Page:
Tanzania’s Chama Cha Mapinduzi Nominates Magufuli for Re-election


Tanzania’s ruling party on Saturday nominated President John Magufuli to seek re-election in October.

Magufuli, who was elected in 2015, has in his first term been accused of narrowing freedoms and increasing authoritarianism and seeking to cover up his country’s coronavirus epidemic.

Members of his ruling Chama Cha Mapinduzi (CCM) who were present at a national congress broadcast live from the administrative capital Dodoma voted for Magufuli, the only candidate seeking the nomination.

“I’m elected by all members of this meeting but let us not expect to win the general election by 100 percent. I thank you all for your endorsement but let’s work hard and sell our manifesto,” Magufuli told the meeting.

Magufuli came to power pledging to clamp down on corruption but has increasingly come under fire for human rights abuses.

The CCM said its election manifesto for the next five years will focus on job creation, good governance, justice, and revolutionizing agriculture, among others.

The party picked Hussein Mwinyi, the son of former Tanzanian president Ali Hassan Mwinyi, to run for president of the semi-autonomous island of Zanzibar.

Tanzanians will elect the president, MPs, and ward councilors during the general election, whose exact date has yet to be set.

Opposition parties have called for the formation of an independent electoral commission but said they would not boycott the vote as they did during local elections last year.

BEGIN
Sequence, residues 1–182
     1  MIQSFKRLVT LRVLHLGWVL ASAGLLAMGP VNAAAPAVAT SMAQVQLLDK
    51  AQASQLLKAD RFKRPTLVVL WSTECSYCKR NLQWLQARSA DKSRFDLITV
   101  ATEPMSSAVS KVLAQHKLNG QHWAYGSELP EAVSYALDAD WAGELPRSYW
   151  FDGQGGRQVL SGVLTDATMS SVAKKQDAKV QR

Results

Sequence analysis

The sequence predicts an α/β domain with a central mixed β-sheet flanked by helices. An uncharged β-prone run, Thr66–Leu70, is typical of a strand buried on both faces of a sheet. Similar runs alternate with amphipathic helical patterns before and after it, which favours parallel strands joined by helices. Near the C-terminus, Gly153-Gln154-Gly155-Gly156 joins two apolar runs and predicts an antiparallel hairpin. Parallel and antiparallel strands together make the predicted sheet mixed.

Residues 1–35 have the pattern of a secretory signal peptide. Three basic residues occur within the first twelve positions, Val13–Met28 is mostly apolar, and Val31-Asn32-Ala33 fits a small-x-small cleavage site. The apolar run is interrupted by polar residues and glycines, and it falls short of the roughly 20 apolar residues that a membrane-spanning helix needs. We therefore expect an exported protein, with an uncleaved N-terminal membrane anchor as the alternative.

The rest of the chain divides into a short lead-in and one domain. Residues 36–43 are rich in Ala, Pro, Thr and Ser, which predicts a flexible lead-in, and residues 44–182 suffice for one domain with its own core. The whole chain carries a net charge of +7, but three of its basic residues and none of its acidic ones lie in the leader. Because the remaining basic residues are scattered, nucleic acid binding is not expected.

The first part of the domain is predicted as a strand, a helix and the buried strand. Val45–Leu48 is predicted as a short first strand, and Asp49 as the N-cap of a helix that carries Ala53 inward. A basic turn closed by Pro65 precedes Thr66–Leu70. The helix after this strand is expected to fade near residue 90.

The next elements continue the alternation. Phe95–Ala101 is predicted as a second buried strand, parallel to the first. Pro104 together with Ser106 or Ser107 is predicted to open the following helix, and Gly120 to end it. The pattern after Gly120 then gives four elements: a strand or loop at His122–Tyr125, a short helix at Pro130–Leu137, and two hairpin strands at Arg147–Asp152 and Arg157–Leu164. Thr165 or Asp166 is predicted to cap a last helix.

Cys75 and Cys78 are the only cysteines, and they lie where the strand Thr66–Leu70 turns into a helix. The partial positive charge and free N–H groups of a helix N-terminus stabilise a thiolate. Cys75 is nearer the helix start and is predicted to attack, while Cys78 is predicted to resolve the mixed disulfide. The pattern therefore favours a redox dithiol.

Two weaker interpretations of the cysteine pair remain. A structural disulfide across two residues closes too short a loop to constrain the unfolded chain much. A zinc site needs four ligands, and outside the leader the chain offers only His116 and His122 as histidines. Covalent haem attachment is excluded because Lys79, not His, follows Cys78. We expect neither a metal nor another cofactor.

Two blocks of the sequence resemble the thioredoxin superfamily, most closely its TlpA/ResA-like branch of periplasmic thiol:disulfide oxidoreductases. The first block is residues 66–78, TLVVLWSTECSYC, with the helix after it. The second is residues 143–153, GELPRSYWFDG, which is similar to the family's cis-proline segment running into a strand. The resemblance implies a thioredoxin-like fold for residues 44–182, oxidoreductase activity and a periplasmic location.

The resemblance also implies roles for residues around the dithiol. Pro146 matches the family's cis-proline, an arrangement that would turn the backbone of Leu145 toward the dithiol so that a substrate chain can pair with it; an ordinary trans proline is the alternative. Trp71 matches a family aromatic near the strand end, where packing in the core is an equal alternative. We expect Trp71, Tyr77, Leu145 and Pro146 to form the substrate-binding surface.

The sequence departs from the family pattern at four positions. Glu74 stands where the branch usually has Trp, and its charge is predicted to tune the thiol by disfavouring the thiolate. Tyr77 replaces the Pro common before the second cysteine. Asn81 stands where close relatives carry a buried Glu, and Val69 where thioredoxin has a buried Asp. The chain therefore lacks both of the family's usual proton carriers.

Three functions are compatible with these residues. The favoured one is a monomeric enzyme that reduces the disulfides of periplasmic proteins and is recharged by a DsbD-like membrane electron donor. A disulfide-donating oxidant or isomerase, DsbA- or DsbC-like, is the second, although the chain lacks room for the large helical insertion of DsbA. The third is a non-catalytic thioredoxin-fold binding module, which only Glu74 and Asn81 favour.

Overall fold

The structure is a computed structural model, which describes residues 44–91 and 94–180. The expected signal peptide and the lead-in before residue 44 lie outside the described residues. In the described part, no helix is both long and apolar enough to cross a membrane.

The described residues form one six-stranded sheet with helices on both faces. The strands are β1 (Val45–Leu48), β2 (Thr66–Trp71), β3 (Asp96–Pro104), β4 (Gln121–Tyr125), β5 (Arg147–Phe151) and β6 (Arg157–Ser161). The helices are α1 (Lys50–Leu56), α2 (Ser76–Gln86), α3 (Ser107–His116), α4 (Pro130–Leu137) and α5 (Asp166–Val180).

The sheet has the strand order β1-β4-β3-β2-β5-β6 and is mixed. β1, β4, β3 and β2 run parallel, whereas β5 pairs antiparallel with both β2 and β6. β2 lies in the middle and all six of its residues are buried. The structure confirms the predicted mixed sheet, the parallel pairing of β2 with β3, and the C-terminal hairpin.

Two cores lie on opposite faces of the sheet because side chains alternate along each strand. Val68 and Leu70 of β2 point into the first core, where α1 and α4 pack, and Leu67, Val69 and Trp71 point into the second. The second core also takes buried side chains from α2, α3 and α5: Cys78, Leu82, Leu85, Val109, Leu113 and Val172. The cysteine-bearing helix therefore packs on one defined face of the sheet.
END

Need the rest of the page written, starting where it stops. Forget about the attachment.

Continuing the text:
“Our electoral commissions are not independent and we have been demanding reforms in vain. However, our party has resolved we will not boycott the elections this time,” said Alliance for Change and Transparency (ACT Wazalendo) chairman Seif Sharif Hamad who is also running for the presidency of Zanzibar.

The Unites Stated last month accused Tanzania of seeking to “stifle democratic norms” ahead of general elections, after the arrests of opposition members and the closure of a newspaper.

“These actions follow a disconcerting pattern of intimidation toward opposition members, civil society, and media outlets,” it said.

Meanwhile, Tanzania has not released data for coronavirus cases since April, with the government insisting the outbreak is under control.

However, the US has raised the alarm about the lack of data and the “exponential growth” of the virus.

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